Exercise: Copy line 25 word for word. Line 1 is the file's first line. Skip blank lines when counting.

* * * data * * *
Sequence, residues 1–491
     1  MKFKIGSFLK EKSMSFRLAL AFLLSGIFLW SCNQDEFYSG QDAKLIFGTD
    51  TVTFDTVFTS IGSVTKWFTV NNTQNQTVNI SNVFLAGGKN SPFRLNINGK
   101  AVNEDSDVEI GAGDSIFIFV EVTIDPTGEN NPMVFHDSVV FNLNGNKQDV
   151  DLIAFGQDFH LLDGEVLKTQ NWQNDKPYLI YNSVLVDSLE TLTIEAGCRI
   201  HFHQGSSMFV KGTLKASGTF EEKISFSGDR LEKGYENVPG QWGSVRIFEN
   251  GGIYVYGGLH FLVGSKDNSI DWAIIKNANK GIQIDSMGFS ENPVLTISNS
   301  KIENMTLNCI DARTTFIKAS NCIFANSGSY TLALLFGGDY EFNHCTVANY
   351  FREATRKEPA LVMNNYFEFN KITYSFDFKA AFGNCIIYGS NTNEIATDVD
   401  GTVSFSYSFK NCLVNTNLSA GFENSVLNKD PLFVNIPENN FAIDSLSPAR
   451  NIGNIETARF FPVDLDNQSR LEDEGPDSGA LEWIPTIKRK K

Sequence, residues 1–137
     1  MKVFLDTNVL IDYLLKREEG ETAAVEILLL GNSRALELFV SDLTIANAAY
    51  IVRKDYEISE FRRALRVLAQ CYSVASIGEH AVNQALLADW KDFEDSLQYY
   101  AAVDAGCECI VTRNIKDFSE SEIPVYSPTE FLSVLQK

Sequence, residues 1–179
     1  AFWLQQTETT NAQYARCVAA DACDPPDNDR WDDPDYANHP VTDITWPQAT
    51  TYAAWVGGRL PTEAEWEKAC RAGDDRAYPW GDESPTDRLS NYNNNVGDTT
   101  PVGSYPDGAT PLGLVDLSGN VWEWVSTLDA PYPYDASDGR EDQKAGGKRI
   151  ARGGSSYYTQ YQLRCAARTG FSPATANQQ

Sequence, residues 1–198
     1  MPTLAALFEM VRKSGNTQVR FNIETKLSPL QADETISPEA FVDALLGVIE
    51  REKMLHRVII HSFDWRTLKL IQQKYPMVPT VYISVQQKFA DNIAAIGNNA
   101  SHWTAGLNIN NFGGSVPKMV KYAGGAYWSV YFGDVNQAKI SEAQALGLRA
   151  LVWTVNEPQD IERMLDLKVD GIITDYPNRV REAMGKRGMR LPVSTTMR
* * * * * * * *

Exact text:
   151  LVWTVNEPQD IERMLDLKVD GIITDYPNRV REAMGKRGMR LPVSTTMR